I hate writing about life and death of dogs, but once again this subject is occupying all my thoughts as my friends John & Lisa struggle with the recent diagnosis of inoperable liver cancer in their beautiful Pit Bull rescue, Muay Tai. This is basically the same kind of cancer that likely killed my first dog Jagger.
Getting this news this morning is especially hard as it is 1 year to the moment that my oldest dog, Dog Dylan, lay on my floor, almost dead from anemia, unable to stand, drink, eat or do anything else; both of us afraid of what was happening.
As I have written over the last few days, life is fragile and it can change without any notice. The night Jagger died, our friends lost their dog as well, but for them it was while she was running for a ball. No notice, no time to say goodbye. So hard; and although what happened to Jagger was very painful and sad, she changed our lives forever, having that last few days was such a blessing no matter what the financial cost.
Losing a dog, or saving them, either way the cost is huge. Sometimes it is just money, but more often the toll is much greater. Emotional cost is high. I see it all the time with dogs battling Autoimmune Hemolytic Anemia and Immune Mediated Hemolytic Anemia like Dylan. The value of friendship and support from those around us who care is most often one of the few bright spots in the battle to save them, or make them comfortable.
Both days in my past, Jagger’s death and Dylan’s rebirth, are significantly wonderful and significantly painful. Both evoke tears of joy and tears of pain and sadness.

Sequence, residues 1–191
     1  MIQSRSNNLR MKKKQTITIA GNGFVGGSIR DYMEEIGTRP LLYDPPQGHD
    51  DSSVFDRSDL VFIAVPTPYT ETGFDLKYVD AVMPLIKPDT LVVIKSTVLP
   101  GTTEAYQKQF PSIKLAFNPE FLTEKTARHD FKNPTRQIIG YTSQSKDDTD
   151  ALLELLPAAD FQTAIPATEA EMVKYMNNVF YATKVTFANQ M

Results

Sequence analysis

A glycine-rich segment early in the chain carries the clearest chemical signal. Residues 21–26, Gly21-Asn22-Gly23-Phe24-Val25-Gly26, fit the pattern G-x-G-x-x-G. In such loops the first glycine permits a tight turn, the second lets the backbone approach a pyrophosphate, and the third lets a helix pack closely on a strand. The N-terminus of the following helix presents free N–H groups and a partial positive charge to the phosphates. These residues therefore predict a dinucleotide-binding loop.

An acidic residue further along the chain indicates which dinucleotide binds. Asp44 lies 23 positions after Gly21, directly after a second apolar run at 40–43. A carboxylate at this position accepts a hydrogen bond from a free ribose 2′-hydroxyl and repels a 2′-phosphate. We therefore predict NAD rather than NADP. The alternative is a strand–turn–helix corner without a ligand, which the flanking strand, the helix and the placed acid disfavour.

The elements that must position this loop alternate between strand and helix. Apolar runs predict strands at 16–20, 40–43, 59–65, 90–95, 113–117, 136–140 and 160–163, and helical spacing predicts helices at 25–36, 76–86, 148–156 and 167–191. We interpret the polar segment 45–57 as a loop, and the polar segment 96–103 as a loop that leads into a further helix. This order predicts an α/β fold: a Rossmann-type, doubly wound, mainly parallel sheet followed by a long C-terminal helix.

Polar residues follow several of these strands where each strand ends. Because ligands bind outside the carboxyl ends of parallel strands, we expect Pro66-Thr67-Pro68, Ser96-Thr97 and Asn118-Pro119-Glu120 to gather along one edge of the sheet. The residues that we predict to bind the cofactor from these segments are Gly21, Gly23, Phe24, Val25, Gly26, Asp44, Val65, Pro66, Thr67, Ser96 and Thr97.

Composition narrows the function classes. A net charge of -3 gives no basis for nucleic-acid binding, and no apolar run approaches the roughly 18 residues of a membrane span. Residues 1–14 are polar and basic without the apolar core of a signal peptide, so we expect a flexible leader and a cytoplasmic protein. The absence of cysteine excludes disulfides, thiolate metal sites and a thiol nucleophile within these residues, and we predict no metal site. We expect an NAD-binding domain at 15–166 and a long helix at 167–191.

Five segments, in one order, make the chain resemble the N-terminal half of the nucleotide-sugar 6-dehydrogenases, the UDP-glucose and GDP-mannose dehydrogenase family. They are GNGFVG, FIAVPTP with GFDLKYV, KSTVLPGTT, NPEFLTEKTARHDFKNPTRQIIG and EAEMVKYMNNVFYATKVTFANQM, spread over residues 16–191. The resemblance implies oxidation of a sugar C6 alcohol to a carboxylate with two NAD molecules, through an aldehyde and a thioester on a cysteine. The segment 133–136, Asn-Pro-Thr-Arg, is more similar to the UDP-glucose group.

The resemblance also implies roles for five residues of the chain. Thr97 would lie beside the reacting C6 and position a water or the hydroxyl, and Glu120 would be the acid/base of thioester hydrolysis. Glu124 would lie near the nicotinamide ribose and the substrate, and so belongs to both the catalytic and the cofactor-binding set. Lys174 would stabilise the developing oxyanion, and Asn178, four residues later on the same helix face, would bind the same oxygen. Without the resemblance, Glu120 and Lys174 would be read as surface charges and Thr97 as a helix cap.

Muay Tai, or Moo Moo, as she is affectionately referred to is at home, there is no operating, or even investigating that can be done, just like what was true for Dylan and Jagger. Unlike for Dylan and much like for Jagger, managing pain and comfort are all that can be done from a medical perspective.
From an emotional perspective, it is time to enjoy every single moment and every single thing they do. Quite frankly, the lesson here is that this should always be true for all of your dogs, no matter what their state of health. I have seen AIHA take one year-old dogs and ravage young dogs as well as old dogs, dogs of all ages.
Like with cancer; it can be beaten, but in some cases there is just no beating it. However, in all cases it is extremely important to have enjoyed and to enjoy every minute with them. They are so special and so important in our lives. They are embedded in us like children are to parents. They are not outdoor pets we leave alone in a dog house or chained in our yard.
They are our family. They are our love. They are our friends. They are our lives.
Today I am very grateful, as I am every moment of every day, for Dylan’s life and the lives of all my dogs.
Today I hope and pray for the life of Muay Tai, one of my families favorite friends. Another dog like Dylan, given a second chance in a home filled with love. Life is never permanent, but if we can just have one more great moment, I am forever thankful.
Richard, Dog Dylan, Stevie Ray, Jimmi & Joey